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I n this essay, I rely primarily on unpublished documents from the Rockefeller Foundation Archives as well as the annual reports of the Ford Foundation and the Social Science Research Council (SSRC) to show that rather than being in a torpor, political theory in the 1950s was a large and eclectic field, marked by contest and rapid change. I focus on the Rockefeller Foundation’s policy making for its program in Legal and Political Philosophy (LAPP), the largest grant program for political theory in the 1950s, both to see how the Foundation justified the creation of the program and how it defined its scope. I argue that when faced with the task of settling on a working definition of “political theory” for the purpose of awarding grants, the Foundation’s officers and the academics who assisted them opted, after prolonged debate, for an eclectic definition of political theory. I read the emergence of this eclectic definition of political theory, however, not as evidence of pacific pluralism but as an attempt to contain some of the new challenges to the field by incorporating them into it, albeit in a subordinate position.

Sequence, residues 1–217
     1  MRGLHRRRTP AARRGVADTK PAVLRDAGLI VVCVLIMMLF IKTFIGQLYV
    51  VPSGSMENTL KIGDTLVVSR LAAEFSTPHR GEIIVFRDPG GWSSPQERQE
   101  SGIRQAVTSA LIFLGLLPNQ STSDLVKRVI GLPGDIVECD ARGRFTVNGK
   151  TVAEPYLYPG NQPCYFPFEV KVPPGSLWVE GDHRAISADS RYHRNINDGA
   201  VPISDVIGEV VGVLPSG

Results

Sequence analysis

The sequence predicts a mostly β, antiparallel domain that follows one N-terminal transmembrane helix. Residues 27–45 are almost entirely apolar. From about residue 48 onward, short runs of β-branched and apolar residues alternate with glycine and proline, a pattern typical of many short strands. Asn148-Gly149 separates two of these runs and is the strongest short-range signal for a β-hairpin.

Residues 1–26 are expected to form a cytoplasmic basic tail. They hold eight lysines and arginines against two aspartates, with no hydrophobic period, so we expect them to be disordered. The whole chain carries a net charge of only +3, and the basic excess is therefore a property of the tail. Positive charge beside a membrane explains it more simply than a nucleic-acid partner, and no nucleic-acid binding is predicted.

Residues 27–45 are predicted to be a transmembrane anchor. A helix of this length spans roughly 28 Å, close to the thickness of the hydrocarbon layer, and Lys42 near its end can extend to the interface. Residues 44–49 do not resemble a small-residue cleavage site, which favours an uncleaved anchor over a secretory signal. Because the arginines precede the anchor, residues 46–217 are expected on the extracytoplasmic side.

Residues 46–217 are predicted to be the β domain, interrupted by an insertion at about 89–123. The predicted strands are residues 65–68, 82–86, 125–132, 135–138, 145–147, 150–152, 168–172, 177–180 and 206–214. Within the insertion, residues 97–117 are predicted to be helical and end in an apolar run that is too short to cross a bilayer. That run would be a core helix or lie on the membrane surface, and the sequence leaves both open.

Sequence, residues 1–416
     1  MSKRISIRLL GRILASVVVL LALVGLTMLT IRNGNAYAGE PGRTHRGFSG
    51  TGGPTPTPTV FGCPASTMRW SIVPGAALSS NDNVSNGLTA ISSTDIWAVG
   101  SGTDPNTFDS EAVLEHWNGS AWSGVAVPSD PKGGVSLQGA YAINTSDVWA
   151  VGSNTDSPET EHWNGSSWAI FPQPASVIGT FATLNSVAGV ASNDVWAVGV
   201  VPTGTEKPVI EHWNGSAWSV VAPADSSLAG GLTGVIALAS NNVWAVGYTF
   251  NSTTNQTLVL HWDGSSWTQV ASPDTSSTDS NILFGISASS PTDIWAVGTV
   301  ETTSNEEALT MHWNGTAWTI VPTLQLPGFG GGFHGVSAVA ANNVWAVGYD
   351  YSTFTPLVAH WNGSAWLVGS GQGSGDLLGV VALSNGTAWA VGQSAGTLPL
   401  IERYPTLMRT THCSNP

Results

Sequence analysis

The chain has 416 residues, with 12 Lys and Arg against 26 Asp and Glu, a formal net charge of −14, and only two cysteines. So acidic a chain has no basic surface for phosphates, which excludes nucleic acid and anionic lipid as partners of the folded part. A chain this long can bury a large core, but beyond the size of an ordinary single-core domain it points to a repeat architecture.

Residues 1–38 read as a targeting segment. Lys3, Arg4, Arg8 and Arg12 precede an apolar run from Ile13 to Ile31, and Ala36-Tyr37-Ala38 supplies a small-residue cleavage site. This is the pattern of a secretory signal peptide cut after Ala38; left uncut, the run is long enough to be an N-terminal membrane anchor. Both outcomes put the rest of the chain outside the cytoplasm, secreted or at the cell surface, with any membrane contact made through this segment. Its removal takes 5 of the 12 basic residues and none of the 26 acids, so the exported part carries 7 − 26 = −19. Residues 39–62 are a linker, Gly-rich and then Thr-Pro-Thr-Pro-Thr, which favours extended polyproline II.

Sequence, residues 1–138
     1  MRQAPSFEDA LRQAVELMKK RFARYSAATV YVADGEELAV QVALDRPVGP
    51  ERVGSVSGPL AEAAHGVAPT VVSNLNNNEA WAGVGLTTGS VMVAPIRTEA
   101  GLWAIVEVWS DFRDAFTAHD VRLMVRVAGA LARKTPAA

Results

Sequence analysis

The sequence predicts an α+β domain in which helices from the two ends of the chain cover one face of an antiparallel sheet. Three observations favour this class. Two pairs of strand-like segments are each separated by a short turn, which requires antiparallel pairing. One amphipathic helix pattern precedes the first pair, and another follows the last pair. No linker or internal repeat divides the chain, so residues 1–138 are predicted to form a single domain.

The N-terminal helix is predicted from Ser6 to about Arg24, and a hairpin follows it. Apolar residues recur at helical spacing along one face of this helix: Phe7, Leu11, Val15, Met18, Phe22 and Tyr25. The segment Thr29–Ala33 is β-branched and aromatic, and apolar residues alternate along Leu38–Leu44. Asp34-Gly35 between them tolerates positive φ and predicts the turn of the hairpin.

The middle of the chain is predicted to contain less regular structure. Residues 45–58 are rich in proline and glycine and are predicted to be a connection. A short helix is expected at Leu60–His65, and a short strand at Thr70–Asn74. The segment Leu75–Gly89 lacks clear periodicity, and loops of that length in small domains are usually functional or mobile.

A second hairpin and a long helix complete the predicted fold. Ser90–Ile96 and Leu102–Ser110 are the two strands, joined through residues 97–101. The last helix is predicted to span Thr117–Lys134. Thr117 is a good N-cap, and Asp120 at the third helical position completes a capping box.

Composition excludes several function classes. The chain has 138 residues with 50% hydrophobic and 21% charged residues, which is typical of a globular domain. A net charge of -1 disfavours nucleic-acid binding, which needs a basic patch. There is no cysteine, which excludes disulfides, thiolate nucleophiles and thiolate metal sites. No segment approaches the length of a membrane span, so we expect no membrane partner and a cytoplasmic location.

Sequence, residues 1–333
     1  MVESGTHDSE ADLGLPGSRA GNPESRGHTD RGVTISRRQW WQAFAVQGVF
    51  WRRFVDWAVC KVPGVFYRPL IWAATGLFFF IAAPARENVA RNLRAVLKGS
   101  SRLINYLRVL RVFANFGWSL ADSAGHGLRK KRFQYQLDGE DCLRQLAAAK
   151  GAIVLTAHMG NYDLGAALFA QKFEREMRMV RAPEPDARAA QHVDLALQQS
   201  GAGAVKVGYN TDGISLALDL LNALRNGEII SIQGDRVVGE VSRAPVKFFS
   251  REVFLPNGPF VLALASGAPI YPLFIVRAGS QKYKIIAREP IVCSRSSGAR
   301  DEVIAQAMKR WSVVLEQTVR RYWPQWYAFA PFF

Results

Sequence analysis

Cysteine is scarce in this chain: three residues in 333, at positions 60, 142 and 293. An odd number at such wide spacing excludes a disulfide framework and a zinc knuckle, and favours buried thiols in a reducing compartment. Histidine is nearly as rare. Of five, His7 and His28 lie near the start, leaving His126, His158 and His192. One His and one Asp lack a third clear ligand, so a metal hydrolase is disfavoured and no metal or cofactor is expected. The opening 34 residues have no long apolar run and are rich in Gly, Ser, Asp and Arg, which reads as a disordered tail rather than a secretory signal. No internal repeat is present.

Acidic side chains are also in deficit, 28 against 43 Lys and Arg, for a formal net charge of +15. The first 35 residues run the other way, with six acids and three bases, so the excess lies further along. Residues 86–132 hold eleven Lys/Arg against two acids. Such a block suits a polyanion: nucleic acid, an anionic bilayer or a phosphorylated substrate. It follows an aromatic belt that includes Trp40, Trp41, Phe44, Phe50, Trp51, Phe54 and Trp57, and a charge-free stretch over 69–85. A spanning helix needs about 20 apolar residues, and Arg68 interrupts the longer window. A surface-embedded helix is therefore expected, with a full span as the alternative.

Published Citation

Hauptmann, E. (2006). From opposition to accommodation: How Rockefeller Foundation grants redefined relations between political theory and social science in the 1950s. American Political Science Review, 100(4), 643.